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You are on page 1of 137

Jay H. Lee

School of Chemical and Biomolecular Engineering

Center for Process Systems Engineering

Georgia Inst. of Technology

Prepared for

Pan American Advanced Studies Institute Program on

Process Systems Engineering

Schedule

•Lecture 2: Details of MPC Algorithm

and Theory

•Lecture 3: Linear Model Identification

Lecture 1

Introduction to MPC

- Motivation

- History and status of industrial use of MPC

- Overview of commercial packages

Key Elements of MPC

problem as an

(deterministic)

min ∑ φi ( xi , ui )

ui

i =0

optimization problem ? u0 = µ ( x0 )

g i ( xi , ui ) ≥ 0

HJB Eqn.

xi +1 = F ( xi , ui )

• On-line optimization

implementation (with Solve the optimization problem numerically

feedback update)

Implement solution u0 as the current move.

Repeat!

Popularity of Quadratic Objective in Control

p m−1

xk +1 = Axk + Buk

∑x Qx + ∑u Ru

T

i i

T

i i

i =0 i =0 yk = Cxk

• Fairly general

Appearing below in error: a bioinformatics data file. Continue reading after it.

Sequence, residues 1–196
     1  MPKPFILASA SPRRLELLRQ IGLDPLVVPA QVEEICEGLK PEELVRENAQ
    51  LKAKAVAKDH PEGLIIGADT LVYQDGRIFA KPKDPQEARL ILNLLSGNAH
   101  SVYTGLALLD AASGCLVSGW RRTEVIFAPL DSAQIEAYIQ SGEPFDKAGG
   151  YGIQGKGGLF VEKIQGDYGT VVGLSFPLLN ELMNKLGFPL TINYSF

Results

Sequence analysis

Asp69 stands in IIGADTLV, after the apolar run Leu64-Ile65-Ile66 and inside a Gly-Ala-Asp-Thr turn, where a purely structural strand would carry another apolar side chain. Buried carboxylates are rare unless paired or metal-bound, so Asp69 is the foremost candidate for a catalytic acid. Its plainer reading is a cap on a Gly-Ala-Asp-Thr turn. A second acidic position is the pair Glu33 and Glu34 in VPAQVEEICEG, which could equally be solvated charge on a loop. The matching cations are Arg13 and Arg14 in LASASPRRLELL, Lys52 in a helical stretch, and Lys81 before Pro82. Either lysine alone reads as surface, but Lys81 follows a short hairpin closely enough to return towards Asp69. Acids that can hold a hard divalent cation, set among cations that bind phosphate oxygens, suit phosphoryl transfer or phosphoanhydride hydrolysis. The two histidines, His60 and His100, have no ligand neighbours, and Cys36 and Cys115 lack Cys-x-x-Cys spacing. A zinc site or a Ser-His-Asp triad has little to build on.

– State regulation

– Output regulation

– Setpoint tracking

• Unconstrained linear least squares problem has an analytical

solution. (Kalman’s LQR)

• Solution is smooth with respect to the parameters

• Presence of inequality constraints → no analytical solution

Classical Process Control

⎛ 1

t

de ⎞

p = kc ⎜1 + ∫ e(t ' )dt '+τ D ⎟⎟

⎜

⎝ τI 0 dt ⎠ Ad Hoc Strategies,

Heuristics • Regulation

PID Controllers • Constraint handling

• Local optimization

Switches inside the control algorithm

Min, Max Selectors • No clearly stated objective

If / Then Logics and constraints

Sequence Logics

• Inconsistent performance

• Complex control structure